I believe that the main thing was to get the gum arabic/bichromate ratio right.
Hope this helps
Thanks for all the replies. There are a lot of good options out there, very reasonably priced.
I think I'm leaning towards a couple of MyWeigh scales. One that comes with a breeze cover and an accuracy of 0.005 grams (100 gm max) for small quantities and a triple beam scale for weighing large quantities.
Has anyone tested linearity on these inexpensive balances that weigh very small quantities, like with a set of weights to see if combinations of weights weigh the same as the sum of their individual weights?
Thanks for the reply. Most everything you did is thae same as I. but I have not had any success. I plan to try again this weekend.
I use the same gum to sensitizer ratio - this is what Karl recommends. My double coat was slightly better than my single coat so I will stick with it. In my edition of the book, Karl recommends 1:6 water:bleach in hi "Further Notes". That is what I used. Your time between the first bleach and the second application of paint is significantly longer than I allowed. I will give this a try. Also, your bleach time is less than I used - this I think may be critical.
What I believe is happening is that I am not maintaining a sufficient layer of gum after the first bleach. My intention now is to continue double coating and to increase the amount of hardened gum by increasing my exposure - I may also vary my negative density range. I will decrease the strength and time of my bleach.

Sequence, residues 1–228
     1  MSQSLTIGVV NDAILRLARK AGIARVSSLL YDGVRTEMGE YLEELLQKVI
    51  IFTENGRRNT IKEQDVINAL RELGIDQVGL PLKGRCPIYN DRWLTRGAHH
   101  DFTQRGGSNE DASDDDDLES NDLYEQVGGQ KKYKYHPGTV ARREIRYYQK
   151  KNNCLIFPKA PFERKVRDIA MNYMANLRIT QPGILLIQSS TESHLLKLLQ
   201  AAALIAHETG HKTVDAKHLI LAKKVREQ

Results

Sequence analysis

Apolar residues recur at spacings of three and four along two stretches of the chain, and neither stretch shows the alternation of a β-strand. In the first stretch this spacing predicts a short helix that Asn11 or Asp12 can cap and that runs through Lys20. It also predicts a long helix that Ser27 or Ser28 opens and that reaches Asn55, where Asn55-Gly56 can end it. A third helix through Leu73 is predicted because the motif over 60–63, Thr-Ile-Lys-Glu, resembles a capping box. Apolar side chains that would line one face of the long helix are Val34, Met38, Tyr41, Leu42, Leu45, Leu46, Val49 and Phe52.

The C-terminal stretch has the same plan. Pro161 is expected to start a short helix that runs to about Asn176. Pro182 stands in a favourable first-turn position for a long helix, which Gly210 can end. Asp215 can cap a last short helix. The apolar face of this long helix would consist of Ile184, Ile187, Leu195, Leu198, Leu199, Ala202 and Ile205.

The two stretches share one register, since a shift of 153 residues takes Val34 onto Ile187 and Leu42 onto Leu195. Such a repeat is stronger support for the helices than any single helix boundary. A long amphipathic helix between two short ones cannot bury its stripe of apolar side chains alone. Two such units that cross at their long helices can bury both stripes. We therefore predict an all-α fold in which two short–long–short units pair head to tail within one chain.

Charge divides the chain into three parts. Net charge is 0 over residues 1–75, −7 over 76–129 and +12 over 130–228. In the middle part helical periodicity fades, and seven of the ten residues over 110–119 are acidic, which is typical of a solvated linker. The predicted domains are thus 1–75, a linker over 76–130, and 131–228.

I will try these variables of several prints so that if I get improvements, I have an idea what caused them.
I know that the process works. Karl has produced some incredible prints. I don't think he is withholding details, I think the process is subject to so many variables that the printer needs experience to judge and react.
As I said in an earlier post, if I get anywhere, I will post my results here.
Enumclaw WA USA
during the last week I started too working around this process. I bought Mr. Koenig's book... But I'm a little bit disappointed because despite its high cost (50$) it's a little superficial and little technical in some important parts such as printing troubleshooting for example.
Anyway, the tecnique in itself is very interesting, as it's somewhat in between oilprints and gum bichromate. I tried gum bichromates last year without any success. Then I got hooked by bromoils (also colored ones) and forgot about gum bichromates.